Sean O’Conaill © The Furrow 2003
As part of his ‘progressive’ assault on the Old Testament, the retired Episcopal bishop of Newark, J S Spong, inquires scornfully “Who nowadays covets his neighbour’s ox or donkey?”
But if we are to believe the French Catholic anthropologist René Girard* the whole of Christian revelation pivots on covetousness, whose full meaning we have almost lost.
According to Girard covetousness is not simply what the Catechism describes as a disordered desire for possessions per se – the desire for more – but a desire acquired specifically from our neighbour, a desire to possess what he possesses because he possesses it. So, a covetable ox would be one that belonged to someone able to afford a better one than we could. And the car we will covet is the one that belongs to the corporate high flyer who can afford the model that we cannot. In this interpretation, covetousness is the root of the very modern vice described as ‘keeping up with the Joneses’.
To re-establish this understanding of covetousness Girard gives it the more descriptive name mimetic desire – desire that unconsciously mimics that of someone else. One of these days a new wave of adolescent mimetic desire will begin as streaming video cell phones make all previous models obsolete.
As the modern global economy is centred on this human weakness, this understanding of covetousness has radical implications for Christian thought on – for example – the future of the human environment. The accepted Christian explanation for over-consumption is materialism – an intellectual bias. But no car manufacturer makes a selling point of the chemical elements that constitute its products. Instead we are invited to believe that the car will enhance our status or give us access to a more exclusive lifestyle – and this is what mimetic desire is all about.
Even more provocative, however, is Girard’s insistence that covetousness is the root source of all human violence, and that this is central to biblical revelation. The archetypal biblical act of violence – that committed by Cain – had to do with Cain’s desire for the divine preference that had apparently been given to Abel. Similarly, Joseph’s brothers sold him into slavery because Jacob favoured Joseph above them. Saul hated David because the women of Israel preferred the boy hero – dispossessing Saul of this privilege. Absalom’s fate too had to do with rivalry – mimetic desire for the status that belonged to his father’s role as king. And so on.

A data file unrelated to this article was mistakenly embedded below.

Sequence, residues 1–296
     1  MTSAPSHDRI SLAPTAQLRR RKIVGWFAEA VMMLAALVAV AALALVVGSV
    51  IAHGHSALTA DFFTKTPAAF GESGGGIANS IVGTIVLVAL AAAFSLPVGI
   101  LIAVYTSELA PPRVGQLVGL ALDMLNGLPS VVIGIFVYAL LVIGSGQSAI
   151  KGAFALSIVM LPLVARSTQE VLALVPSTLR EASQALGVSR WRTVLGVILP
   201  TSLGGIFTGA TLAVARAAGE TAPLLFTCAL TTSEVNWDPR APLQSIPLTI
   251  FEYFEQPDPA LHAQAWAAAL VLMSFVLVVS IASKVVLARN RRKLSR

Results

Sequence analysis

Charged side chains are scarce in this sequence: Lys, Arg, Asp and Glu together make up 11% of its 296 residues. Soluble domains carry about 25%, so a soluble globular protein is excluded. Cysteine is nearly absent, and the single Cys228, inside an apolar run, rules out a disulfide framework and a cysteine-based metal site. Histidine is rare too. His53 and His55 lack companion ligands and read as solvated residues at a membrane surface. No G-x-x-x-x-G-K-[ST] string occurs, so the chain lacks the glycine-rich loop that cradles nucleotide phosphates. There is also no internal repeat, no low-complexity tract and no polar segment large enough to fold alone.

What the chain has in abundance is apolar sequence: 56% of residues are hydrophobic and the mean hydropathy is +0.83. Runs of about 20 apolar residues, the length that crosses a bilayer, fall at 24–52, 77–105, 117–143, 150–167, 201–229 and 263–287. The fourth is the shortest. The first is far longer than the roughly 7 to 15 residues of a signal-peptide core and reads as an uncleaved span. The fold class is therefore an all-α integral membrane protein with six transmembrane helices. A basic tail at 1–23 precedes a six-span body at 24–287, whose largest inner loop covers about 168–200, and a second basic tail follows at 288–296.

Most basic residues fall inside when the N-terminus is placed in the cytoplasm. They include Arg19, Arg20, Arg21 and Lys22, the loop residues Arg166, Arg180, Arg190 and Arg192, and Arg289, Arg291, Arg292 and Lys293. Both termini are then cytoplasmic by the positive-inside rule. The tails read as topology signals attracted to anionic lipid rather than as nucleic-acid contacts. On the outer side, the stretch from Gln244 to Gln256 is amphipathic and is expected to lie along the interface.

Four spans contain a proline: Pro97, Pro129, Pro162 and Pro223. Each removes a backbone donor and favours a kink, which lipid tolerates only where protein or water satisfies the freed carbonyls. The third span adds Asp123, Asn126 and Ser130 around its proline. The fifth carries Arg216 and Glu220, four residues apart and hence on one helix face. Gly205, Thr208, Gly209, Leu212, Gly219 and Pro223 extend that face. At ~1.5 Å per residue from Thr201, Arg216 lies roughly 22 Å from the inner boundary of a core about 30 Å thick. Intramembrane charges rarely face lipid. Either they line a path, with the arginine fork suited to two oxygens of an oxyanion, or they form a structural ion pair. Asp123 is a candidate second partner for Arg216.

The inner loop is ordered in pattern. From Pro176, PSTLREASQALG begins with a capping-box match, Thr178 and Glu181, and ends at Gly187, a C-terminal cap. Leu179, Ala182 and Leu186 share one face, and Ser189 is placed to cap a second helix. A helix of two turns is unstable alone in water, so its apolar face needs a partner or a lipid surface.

In the ancient world, Girard argues, the internal social tensions and resentments provoked by mimetic desire were the original source of sacrificial religion. Not having the judicial and policing systems characteristic of modern societies, primitive societies were in real danger of collapsing into an orgy of reciprocal (i.e. mimetic) violence. In such a crisis the universal cultural mechanism that came into play was scapegoating violence – the accusation that a given marginal individual, a stranger or cripple, say, was the source of the crisis or contagion. Such an accusation would focus the aggression of all upon someone whose death or expulsion would end the cycle, because he or she had no connections who would retaliate.
This, Girard believes, was the real origin of human, and later animal, sacrifice – which was simply the ritualization of scapegoating murder as a means of containing violence. He sees the four Gospels as texts that uniquely reveal the scapegoating process in all of its essential injustice. Caiaphas’ assertion that the death of Jesus would ‘save the nation’ was the archetypal formula that justified the scapegoating of an individual to restore communal peace.
In this analysis, the episode of the ‘woman taken in adultery’ assumes a new significance. In suggesting that the one without sin could cast the first stone Jesus was identifying and confronting the real purpose of the accusation – to make the woman bear the punishment due to all for their sins. And this in turn makes perfectly comprehensible the traditional Christian understanding of the meaning of the crucifixion – as an acceptance by Jesus of the role of punishment-bearer for all humanity.